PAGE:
Flickr, Is That RDF You're Cooking?

I was reading some articles at O'Reilly's excelent O'Reilly Radar weblog. Then I read this:

Flickr, Yahoo's amazing photo-sharing site, has added another tag based feature -- this one aimed at developers. They are now supporting machine tags (or triple-tags). What are those you might ask?

Triple tags? Triples, that rings a bell. So I decided to follow the link to the announcement at the flickr site. And guess what do I read?

# What is the spec for machine tags?

Machine tags are divided in to three parts :

1) A "namespace" :

Namespaces MUST begin with any character between a - z; remaining characters MAY be a - z, 0 - 9 and underbars. Namespaces are case-insensitive.

2) A "predicate" :

Predicates MUST begin with any character between a - z; remaining characters MAY be a - z, 0 - 9 and underbars. Namespaces are case-insensitive.

3) A "value" :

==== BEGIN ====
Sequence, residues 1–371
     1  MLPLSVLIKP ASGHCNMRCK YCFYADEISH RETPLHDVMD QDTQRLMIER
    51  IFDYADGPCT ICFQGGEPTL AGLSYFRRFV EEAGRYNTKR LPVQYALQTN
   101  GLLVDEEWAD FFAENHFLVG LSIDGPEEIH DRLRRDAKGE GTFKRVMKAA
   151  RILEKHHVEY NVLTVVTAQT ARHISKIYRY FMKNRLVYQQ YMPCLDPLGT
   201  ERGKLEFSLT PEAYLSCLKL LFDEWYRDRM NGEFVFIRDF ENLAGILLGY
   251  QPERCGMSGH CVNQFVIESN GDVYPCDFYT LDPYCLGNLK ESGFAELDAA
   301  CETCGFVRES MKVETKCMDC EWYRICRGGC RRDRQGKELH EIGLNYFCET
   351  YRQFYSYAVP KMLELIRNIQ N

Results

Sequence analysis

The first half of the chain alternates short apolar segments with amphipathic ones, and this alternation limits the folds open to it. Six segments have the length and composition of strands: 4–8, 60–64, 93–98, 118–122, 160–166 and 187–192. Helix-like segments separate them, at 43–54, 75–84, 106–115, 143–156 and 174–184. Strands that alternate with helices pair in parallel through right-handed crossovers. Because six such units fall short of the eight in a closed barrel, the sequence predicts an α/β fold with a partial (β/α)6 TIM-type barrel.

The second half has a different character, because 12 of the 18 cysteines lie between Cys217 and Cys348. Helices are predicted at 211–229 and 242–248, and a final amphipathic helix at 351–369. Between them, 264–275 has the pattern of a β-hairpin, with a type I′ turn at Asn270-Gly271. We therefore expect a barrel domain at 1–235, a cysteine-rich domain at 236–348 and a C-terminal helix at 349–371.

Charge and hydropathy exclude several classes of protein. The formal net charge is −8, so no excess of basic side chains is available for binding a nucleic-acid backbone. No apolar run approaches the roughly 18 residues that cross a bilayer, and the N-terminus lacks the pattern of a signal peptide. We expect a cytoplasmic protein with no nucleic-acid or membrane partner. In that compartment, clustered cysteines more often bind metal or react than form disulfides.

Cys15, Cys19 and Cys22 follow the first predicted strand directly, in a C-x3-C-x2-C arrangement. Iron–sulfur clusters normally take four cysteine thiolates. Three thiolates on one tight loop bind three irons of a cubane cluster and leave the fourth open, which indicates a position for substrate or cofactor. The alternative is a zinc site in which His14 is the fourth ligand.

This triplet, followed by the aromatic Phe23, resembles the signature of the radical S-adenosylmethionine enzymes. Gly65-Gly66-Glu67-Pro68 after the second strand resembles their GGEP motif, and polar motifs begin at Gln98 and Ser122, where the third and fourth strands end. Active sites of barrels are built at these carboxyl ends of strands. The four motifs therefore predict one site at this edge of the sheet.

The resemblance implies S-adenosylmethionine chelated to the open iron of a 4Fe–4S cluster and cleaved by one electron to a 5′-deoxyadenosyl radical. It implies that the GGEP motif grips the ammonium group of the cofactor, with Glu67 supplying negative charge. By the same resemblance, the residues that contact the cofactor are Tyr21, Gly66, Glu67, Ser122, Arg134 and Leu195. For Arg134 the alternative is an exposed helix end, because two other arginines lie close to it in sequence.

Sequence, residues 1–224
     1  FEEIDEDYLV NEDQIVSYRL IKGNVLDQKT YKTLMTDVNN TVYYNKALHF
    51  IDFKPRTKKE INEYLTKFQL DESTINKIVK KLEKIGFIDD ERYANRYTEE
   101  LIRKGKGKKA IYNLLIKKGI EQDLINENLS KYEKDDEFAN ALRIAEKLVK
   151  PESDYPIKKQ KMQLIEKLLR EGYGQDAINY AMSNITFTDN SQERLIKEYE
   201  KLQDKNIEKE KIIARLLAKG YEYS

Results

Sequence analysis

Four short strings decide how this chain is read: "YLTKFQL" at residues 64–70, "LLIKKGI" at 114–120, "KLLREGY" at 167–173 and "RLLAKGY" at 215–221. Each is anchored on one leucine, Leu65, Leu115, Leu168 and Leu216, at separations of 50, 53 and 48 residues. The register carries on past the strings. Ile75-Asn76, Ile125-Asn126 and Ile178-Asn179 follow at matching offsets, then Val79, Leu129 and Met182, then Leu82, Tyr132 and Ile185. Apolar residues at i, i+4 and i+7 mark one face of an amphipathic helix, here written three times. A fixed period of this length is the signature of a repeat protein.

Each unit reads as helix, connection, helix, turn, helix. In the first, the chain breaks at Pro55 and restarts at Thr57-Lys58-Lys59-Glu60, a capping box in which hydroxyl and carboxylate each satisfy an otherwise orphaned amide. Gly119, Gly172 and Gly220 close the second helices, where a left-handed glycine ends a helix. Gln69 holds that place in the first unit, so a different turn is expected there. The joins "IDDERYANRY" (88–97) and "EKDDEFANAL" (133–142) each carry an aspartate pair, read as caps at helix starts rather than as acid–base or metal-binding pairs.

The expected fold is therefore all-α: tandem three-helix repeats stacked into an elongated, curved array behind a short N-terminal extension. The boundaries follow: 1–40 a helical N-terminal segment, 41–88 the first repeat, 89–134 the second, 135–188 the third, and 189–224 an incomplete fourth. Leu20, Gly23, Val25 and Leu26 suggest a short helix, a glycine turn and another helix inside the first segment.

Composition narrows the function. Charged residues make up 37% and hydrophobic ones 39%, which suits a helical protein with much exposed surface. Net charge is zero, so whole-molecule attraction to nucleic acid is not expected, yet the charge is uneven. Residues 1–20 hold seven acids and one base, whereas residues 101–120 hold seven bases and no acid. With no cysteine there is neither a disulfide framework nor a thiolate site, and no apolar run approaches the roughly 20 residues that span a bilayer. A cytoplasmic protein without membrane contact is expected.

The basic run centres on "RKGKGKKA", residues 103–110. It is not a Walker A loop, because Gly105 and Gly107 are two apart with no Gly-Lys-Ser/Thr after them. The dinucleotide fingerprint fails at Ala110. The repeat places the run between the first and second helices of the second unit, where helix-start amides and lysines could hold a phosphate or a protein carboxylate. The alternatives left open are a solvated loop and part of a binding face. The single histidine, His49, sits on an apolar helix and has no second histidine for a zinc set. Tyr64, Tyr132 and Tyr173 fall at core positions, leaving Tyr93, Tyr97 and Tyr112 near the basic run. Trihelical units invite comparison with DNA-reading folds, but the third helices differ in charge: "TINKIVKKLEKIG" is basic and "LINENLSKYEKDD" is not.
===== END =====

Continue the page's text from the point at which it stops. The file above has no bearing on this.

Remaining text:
Values MAY contain any characters that a "plain vanilla" tags use. Values may also contain spaces but, like regular tags, they need to wrapped in quotes.

Namespace and predicates are separated by a colon : ":"

Predicates and values are separated by an equals symbol : "="

For example :

* flickr:user=straup

* geo:locality="san francisco"

Still... that reminds me of something... Hmm... So for each picture, you can add any random predicate (property) with a value. So basically you end up with a bunch of ([picture], [predicate], [value]) tuples right. Hmm.

So let me paraphrase this thing. Flickr always has known tags, which could give you some more hints about what the picture was about. Keywords if you will. These were additional pieces of metadata, information about data (pictures in flickr's case). Right now these tags can be structured, so there is room for a property/field/predicate/whatever-you-want-to-call-it name and a value. And this predicate has a namespace. Hmm. So what they create is a kind of framework to be able to describe pictures. Interesting. Wouldn't it be a nice idea to generalize this and develop a framework like this to describe any resource?

We could call it, hmm, say... RDF?